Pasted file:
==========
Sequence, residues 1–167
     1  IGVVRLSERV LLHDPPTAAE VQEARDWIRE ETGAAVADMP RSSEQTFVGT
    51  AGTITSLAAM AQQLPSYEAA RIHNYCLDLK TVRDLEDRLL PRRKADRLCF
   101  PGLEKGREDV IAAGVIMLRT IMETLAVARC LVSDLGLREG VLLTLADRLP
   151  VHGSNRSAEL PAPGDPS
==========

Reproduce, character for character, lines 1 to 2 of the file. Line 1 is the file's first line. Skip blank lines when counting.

Sequence, residues 1–167
     1  IGVVRLSERV LLHDPPTAAE VQEARDWIRE ETGAAVADMP RSSEQTFVGT